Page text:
A significant disadvantage of grab samples and composite samples is that we cannot use them to monitor continuously a time-dependent change in the target population. * In situ sampling*, in which we insert an analytical sensor into the target population, allows us to monitor the target population without removing individual grab samples. For example, we can monitor the pH of a solution in an industrial production line by immersing a pH electrode in the solution’s flow.

A study of the relationship between traffic density and the concentrations of Pb, Cd, and Zn in roadside soils uses the following sampling plan [Nabulo, G.; Oryem-Origa, H.; Diamond, M. *Environ. Res. ***2006**, *101*, 42–52]. Samples of surface soil (0–10 cm) are collected at distances of 1, 5, 10, 20, and 30 m from the road. At each distance, 10 samples are taken from different locations and mixed to form a single sample. What type of sampling plan is this? Explain why this is an appropriate sampling plan.

**Solution**

This is a systematic–judgemental sampling plan using composite samples. These are good choices given the goals of the study. Automobile emissions release particulates that contain elevated concentrations of Pb, Cd, and Zn—this study was conducted in Uganda where leaded gasoline was still in use—which settle out on the surrounding roadside soils as “dry rain.” Samples collected near the road and samples collected at fixed distances from the road provide sufficient data for the study, while minimizing the total number of samples. Combining samples from the same distance into a single, composite sample has the advantage of decreasing sampling uncertainty.

## How Much Sample to Collect

To minimize sampling errors, samples must be of an appropriate size. If a sample is too small its composition may differ substantially from that of the target population, which introduces a sampling error. Samples that are too large, however, require more time and money to collect and analyze, without providing a significant improvement in the sampling error.

Let’s assume our target population is a homogeneous mixture of two types of particles. Particles of type *A *contain a fixed concentration of analyte, and particles of type *B *are analyte-free. Samples from this target population follow a binomial distribution. If we collect a sample of *n *particles, then the expected number of particles that contains analyte, *n*_{A}, is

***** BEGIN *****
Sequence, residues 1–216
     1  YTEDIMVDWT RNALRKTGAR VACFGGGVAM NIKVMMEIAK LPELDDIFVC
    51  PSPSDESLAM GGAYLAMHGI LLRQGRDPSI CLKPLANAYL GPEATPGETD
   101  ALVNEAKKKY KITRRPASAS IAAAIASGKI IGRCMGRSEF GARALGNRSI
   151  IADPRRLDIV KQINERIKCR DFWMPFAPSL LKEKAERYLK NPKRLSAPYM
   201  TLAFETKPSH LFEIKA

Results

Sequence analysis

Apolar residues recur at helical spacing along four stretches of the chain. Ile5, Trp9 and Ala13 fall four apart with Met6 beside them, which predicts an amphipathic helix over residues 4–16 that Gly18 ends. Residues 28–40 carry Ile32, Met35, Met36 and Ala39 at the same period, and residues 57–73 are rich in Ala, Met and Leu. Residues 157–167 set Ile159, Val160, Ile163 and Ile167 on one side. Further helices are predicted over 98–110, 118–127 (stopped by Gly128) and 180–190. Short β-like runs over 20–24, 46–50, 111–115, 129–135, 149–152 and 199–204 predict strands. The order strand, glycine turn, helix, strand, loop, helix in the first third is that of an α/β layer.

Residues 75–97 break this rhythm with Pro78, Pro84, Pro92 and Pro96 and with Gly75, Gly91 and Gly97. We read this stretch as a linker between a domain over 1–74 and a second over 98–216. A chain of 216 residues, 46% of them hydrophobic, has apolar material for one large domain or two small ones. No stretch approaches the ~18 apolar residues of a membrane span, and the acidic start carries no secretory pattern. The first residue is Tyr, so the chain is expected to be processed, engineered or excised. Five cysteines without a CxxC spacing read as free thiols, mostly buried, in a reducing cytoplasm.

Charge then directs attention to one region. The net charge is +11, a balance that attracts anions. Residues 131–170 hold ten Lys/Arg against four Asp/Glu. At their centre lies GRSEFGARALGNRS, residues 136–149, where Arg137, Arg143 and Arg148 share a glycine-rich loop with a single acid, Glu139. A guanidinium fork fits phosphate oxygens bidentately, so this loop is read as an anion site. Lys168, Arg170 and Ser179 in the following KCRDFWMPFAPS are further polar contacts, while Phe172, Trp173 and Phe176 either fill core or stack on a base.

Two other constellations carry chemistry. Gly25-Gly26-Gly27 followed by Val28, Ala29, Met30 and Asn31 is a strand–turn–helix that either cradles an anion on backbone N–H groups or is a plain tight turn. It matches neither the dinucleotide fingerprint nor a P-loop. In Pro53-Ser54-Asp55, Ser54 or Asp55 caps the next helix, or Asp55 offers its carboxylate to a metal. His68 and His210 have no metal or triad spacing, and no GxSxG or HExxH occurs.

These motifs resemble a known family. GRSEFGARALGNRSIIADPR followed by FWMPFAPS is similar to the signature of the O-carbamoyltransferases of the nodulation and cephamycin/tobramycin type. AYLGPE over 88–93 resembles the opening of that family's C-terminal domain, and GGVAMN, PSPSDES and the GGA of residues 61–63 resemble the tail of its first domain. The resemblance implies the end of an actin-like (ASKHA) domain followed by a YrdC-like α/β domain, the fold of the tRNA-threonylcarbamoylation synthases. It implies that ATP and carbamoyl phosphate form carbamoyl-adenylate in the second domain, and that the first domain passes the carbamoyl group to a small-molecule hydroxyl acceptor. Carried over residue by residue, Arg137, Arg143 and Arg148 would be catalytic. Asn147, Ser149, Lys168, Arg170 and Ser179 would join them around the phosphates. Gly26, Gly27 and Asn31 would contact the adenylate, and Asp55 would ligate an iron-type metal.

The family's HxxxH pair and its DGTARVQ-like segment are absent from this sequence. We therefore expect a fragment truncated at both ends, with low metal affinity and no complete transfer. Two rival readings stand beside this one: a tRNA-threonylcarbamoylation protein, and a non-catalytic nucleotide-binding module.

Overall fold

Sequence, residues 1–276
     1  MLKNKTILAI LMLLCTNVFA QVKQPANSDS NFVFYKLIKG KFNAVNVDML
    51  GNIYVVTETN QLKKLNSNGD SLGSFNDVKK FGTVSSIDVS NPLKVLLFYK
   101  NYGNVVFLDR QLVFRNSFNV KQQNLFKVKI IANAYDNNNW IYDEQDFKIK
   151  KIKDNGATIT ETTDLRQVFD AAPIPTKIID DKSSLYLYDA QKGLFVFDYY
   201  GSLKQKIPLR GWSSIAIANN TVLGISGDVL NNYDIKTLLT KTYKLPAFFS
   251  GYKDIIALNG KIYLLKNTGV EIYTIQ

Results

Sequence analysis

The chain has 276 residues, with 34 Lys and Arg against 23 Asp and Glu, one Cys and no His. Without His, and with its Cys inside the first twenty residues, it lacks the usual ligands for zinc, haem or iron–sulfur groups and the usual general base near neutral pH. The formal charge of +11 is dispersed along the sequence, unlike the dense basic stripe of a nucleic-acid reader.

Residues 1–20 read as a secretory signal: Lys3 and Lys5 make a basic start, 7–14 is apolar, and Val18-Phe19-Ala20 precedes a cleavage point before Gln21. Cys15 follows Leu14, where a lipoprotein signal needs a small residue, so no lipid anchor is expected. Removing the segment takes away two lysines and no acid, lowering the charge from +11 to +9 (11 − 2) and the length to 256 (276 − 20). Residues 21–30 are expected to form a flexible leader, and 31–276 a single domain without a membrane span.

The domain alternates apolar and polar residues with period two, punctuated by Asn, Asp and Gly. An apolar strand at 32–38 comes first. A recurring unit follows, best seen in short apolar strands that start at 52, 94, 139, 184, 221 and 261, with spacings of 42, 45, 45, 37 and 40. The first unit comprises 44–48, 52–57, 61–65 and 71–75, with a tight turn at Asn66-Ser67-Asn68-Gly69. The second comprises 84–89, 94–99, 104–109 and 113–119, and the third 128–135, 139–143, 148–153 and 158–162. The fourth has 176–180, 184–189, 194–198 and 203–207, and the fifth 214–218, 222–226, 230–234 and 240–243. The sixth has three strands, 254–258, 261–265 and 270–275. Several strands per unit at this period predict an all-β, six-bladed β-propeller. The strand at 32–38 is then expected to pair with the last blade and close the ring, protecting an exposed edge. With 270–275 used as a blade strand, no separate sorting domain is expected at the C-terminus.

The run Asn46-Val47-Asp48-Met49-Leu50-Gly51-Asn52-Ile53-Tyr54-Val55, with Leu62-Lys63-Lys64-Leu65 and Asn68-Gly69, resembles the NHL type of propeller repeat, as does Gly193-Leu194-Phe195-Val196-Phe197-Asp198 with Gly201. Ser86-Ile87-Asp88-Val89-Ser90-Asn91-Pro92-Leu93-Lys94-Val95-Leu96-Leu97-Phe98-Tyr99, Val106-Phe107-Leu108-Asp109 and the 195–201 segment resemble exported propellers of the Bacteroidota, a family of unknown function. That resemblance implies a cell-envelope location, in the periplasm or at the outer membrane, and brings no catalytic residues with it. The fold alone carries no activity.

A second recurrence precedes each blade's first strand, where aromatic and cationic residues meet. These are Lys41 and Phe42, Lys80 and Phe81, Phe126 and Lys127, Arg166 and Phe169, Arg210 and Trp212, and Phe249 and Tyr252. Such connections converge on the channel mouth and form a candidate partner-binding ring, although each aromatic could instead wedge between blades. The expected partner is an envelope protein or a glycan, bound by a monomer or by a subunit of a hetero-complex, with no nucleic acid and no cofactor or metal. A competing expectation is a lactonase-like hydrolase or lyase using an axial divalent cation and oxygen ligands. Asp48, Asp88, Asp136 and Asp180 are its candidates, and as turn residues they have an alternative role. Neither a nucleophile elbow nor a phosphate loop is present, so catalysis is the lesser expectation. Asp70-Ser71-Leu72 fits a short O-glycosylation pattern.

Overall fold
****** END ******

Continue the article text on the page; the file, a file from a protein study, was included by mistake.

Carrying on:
\[n_{A}=n p \nonumber\]

where *p *is the probability of selecting a particle of type *A*. The standard deviation for sampling is

\[s_{samp}=\sqrt{n p(1-p)} \label{7.1}\]

To calculate the relative standard deviation for sampling, \(\left( s_{samp} \right)_{rel}\), we divide equation \ref{7.1} by *n*_{A}, obtaining

\[\left(s_{samp}\right)_{r e l}=\frac{\sqrt{n p(1-p)}}{n p} \nonumber\]

Solving for *n *allows us to calculate the number of particles we need to provide a desired relative sampling variance.

\[n=\frac{1-p}{p} \times \frac{1}{\left(s_{s a m p}\right)_{rel}^{2}} \label{7.2}\]

Suppose we are analyzing a soil where the particles that contain analyte represent only \(1 \times 10^{-7}\)% of the population. How many particles must we collect to give a percent relative standard deviation for sampling of 1%?

**Solution**

Since the particles of interest account for \(1 \times 10^{-7}\)% of all particles, the probability, *p*, of selecting one of these particles is \(1 \times 10^{-9}\). Substituting into equation \ref{7.2} gives

\[n=\frac{1-\left(1 \times 10^{-9}\right)}{1 \times 10^{-9}} \times \frac{1}{(0.01)^{2}}=1 \times 10^{13} \nonumber\]

To obtain a relative standard deviation for sampling of 1%, we need to collect \(1 \times 10^{13}\) particles.